Painter takes barn art to new heights

When Scott Hagan was commissioned by the Ohio Bicentennial Committee in 1998 to paint the bicentennial logo on one barn in each of Ohio's 88 counties, he had only painted one other barn.
It was his father's.
"I painted an Ohio State Buckeyes logo on my Dad's barn," Scott shares. "My grandpa took a picture of it and sent it to the local newspaper."
It just so happened that when the picture ran in the paper, a representative from the Bicentennial Committee was traveling through the Jerusalem, Ohio, area and saw the picture.
"Literally, within a few weeks, I got a call from the state," Scott, 27, says of the telephone call that catapulted his hobby into a career.
"I'm glad I took my time on it," Scott says with a laugh.
Just out of high school
It was his first year out of high school, and Scott was working construction during the day. For two weeks, he spent his evenings up on a ladder sketching and painting his father's barn.
Listening to his story, I am amazed at Scott's stroke of good fortune. Yet, a question lingered in my mind. "Why did you paint your father's barn?" I asked, wondering how this thought came to him.
"I had been doing little things," Scott says.
In high school, friends would ask him to paint a design on their truck. He painted the sign for the local baseball field.
"I don't like to sit down and do that little stuff," he said. Scott admits he didn't enjoy painting back then.
When he painted the Beallsville Blue Devil mascot logo on the 50-yard line of his hometown football field, it struck a chord in his heart.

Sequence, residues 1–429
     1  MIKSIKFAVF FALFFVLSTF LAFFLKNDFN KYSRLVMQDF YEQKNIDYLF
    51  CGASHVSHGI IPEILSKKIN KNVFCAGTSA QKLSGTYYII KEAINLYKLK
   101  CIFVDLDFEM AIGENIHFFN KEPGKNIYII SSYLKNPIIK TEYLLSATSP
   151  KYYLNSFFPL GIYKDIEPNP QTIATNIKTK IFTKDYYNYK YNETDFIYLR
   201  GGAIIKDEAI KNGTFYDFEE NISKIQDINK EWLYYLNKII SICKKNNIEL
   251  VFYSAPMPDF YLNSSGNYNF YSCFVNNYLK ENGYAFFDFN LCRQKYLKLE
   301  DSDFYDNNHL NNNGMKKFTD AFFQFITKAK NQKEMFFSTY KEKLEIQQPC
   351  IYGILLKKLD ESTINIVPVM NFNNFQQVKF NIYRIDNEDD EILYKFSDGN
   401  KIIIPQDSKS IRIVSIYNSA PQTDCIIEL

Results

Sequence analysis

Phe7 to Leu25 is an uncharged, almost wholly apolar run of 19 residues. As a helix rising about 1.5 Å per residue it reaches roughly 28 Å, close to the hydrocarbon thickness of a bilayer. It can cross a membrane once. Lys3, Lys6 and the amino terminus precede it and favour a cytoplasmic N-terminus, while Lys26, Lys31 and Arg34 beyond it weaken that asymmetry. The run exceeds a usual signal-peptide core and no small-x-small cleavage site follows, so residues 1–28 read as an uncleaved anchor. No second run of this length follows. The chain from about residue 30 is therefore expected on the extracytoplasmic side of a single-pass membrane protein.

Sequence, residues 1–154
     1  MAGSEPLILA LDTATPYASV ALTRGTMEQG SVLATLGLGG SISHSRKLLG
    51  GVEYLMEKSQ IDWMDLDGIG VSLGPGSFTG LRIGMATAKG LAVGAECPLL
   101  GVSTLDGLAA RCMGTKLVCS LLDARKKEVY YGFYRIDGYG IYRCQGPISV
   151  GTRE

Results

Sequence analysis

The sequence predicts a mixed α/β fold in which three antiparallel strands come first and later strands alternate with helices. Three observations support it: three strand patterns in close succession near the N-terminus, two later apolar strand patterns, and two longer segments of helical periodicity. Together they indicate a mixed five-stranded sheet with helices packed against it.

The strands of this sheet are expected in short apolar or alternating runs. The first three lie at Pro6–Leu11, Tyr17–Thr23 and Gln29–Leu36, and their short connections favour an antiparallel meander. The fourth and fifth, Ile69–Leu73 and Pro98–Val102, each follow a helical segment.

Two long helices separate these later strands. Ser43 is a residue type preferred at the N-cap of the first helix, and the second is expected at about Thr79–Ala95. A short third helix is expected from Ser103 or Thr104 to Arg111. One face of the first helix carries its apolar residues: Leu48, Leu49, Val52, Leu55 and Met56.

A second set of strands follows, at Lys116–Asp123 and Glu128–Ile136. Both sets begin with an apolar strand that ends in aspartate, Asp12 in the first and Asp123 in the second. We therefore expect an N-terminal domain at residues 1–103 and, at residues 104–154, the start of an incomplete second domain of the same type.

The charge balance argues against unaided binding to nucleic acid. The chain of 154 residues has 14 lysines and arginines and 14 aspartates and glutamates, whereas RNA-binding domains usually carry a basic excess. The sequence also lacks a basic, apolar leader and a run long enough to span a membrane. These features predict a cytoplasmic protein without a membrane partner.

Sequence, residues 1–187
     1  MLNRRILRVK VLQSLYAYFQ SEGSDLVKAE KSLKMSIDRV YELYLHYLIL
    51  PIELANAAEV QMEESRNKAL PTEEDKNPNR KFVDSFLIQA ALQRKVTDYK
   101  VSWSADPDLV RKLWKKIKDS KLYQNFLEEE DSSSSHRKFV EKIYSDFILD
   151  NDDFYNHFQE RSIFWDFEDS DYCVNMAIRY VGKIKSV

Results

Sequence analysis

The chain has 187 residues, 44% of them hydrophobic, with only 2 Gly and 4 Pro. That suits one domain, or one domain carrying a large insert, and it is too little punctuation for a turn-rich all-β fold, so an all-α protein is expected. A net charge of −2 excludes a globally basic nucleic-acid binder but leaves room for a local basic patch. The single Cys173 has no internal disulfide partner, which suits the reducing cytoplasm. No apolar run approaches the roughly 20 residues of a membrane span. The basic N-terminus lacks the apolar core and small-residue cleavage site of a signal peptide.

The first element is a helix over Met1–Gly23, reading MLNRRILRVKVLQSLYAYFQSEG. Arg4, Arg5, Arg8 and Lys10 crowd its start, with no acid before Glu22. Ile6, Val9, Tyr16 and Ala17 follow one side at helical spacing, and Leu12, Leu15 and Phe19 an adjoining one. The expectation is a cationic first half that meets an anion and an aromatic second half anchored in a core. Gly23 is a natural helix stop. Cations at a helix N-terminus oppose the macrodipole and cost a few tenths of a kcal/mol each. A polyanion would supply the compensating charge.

"That was the first big thing I did," Scott recalls. "When I painted the barn, I just wanted to see how big I could do it."
He had no idea how huge his painting would become.
When he received the call from the state asking him to paint 88 barns, Scott felt a bit overwhelmed. He sought assistance from the only person who shared his love for painting big: Harley Warrick.
Harley, also from Ohio, was the artist responsible for the "Mail Pouch" barns painted across the state.
"With that big job coming up, I thought who better to go to for advice," Scott says of his mentor.
"I was using a ladder," Scott explains. "Harley told me about the rope and pulley system he used."
Along with advice, Harley gave Scott confidence and assurance. "He didn't die doing it," Scott chuckles. "He never fell."
Harley died -- of natural causes -- several years ago. "Now that he's passed away, there's really no one else to talk to," Scott says with a touch of sadness.
Work in New York
In a few weeks, Scott will be setting out for upstate New York. He has been commissioned to paint a barn for a centennial celebration in a small town near Syracuse.
He will leave Jerusalem, where he lives with his wife, Amanda, "just a stone's throw" from the house he grew up in, and travel in his van, pulling a pop-up camper.
"In these small towns, there's not always a place to stay," Scott explains.
When he arrives, he will set up his pump jack -- a more modern approach from Harley's rope-and-pulley system. Then, he will take out his carpenter's crayon and begin to draw on the rough barn wood.
His freehand artwork has been perfected by practically no formal schooling.
"I think we had art in seventh and eighth grade," he says when I ask him about his training. "It's a gift."
When the weather grows cold this fall, Scott will put his crayon and paint away.
"During the summer, I get worn out," he says. "But after winter, I'm ready to get out there and paint."
This winter, however, there will be other matters on Scott's mind. Scott and Amanda are expecting their first child in December.
But in the spring, he will be back on the scaffolding.
"I like what I do," Scott says.
"I hope I keep getting jobs for as long as I can get up the ladder."
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